Organ donors remembered in flag-raising ceremony

by Hennepin Healthcare

The decision to become an organ donor is one of the most thoughtful ways someone can continue their giving spirit after they’ve passed away. At a flag-raising ceremony at Hennepin County Medical Center (HCMC) on Monday, April 2, the families of Kandyce Bryanna Stoffel and Christopher Lee Spears were joined by doctors, nurses, administrative staff, and other caregivers and friends to remember patients and loved ones who made the decision to donate organs  after death.

Shining on… 

Stoffel, a graduate of Mankato West High School, was a student at the University of Minnesota who was walking with some friends around a construction barricade when the group was struck by a vehicle. She was taken to Hennepin County Medical Center, but was unable to survive due to her multiple traumatic injuries. She passed away on October 24, 2010.

Her mom and stepdad, Patty and Randy Appel, and her sister and brother-in-law, Karissa and Christopher Baukol attended the flag-raising ceremony.

“Kandyce had her entire life ahead of her. She was only one class shy of graduating from the University of Minnesota Twin Cities in kinesiology,” explains Patty Appel. “But unfortunately a drunk driver took all those dreams away from a precious 23-year-old and her family.”

Stoffel was able to donate five life-saving organs – her heart, liver, kidneys and pancreas, as well as her eyes and other tissues — thanks to her decision to be an organ donor.

Appel has been in contact with some of the recipients of her daughter’s organs, including “Jennifer,” who received her heart.  Appel attended Jennifer’s wedding last year. “I knew that would be the only wedding I’d see that heart in,” she said.

“During the reception, the groom’s father said a prayer for Kandyce and our family and asked us to stand. The guests gave a standing ovation — what an emotional time for everyone. I don’t think there was a dry eye in the entire ballroom. If we could have picked a person to receive Kandyce’s heart, it would have been Jennifer.”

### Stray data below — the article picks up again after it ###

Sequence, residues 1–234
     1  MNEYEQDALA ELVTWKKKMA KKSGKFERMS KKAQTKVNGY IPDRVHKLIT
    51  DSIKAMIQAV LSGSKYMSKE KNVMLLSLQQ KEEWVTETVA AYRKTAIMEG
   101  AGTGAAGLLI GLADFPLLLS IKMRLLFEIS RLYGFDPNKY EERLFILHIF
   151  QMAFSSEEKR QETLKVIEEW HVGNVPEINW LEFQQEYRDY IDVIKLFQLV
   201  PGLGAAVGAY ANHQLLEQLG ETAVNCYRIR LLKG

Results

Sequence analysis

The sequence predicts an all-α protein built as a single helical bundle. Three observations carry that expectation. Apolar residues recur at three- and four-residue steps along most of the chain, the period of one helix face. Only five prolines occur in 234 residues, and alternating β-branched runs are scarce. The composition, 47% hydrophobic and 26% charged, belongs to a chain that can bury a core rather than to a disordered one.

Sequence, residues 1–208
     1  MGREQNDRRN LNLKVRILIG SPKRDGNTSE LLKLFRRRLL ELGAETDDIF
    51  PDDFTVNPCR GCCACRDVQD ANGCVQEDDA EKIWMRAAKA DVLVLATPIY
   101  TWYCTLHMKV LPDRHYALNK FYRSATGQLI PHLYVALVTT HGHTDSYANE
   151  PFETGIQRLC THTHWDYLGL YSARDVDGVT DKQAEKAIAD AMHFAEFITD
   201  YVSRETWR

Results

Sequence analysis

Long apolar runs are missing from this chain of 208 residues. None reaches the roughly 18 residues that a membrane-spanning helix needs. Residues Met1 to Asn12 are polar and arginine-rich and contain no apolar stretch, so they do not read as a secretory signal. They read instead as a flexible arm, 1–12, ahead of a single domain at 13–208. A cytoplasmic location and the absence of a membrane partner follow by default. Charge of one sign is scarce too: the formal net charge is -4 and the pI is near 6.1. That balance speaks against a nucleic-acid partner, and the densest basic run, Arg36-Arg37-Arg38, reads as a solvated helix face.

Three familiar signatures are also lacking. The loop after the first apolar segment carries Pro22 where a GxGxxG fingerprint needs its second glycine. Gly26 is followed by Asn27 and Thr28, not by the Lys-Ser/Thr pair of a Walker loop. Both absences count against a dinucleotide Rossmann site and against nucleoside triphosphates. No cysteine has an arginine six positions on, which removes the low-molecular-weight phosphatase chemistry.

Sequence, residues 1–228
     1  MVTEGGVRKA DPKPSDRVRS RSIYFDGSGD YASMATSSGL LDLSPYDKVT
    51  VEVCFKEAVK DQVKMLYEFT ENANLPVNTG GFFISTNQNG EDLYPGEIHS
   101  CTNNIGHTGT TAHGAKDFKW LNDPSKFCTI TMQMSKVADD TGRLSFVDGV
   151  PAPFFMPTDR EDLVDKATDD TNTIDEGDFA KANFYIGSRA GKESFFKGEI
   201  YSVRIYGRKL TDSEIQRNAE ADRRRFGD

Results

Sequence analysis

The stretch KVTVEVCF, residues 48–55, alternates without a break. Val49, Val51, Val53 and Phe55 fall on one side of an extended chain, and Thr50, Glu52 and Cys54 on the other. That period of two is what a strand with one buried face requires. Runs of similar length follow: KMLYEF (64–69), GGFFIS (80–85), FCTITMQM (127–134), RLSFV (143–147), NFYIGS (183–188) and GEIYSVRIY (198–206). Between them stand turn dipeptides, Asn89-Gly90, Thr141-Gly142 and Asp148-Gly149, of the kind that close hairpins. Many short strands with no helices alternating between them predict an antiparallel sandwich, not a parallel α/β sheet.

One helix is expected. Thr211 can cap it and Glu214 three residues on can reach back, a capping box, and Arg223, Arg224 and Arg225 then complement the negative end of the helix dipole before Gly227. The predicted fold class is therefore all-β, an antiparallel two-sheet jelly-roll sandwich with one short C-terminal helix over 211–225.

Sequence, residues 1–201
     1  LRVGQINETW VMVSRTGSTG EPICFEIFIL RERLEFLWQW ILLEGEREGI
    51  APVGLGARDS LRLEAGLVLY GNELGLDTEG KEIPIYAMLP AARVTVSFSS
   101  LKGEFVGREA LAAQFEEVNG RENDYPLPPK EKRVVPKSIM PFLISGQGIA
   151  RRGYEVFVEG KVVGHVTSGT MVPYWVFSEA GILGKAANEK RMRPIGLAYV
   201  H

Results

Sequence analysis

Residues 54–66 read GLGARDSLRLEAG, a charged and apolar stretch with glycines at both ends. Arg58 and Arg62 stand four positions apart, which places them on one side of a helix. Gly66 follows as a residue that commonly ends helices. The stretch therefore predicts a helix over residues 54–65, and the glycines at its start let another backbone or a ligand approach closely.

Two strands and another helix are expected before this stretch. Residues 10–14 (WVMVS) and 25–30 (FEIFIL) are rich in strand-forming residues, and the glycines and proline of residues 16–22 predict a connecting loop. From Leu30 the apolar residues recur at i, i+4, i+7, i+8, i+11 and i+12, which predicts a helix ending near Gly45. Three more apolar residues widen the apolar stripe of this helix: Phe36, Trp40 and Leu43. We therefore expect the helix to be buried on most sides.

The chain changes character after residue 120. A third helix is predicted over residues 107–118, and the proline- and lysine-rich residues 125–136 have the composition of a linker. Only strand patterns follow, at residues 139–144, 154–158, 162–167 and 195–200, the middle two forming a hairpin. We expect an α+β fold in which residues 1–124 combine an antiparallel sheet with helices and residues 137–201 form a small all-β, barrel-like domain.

Spears, an 18-year-old Senior at Hutchinson High School, was also in a car crash. He passed away on March 2, 2010.

“He chose to be an organ donor because it fit his personality and drive to help others out,” explained his mom, Luann Spears. “He didn’t think twice about it.  In fact,  ‘Well, duh!’ was his response when he passed his driver’s test and was answering questions about organ donation.”

Prior to the removal of Spears’ organs, the family asked the operating room staff involved in the organ procurement if they would sing “You are My Sunshine” during the surgery.  The OR staff honored this wish and sang to him during the procedure.

“When my kids were babies, I used to always sing ‘You are My Sunshine’ to them,” says Luann Spears, who attended the flag-raising ceremony with her surviving children Tiffany, Jennifer and Jamey.  “When Christopher was on life support, I just started singing it again and told him he would continue to shine through all of the people who would be helped because of his donation.”

Like Stoffel, his corneas, kidneys and liver tissue and heart valve are now “shining” through the lives of others.

Stoffel’s mom, Patty Appel and Spears’ mom, Luann raised the flag in honor of their children and all of the other organ donors in celebration of Donate Life month.

There are currently more than 110,000 men, women, and children in the United States waiting for a life-saving transplant. More than 3,000 of these individuals live in the Upper Midwest.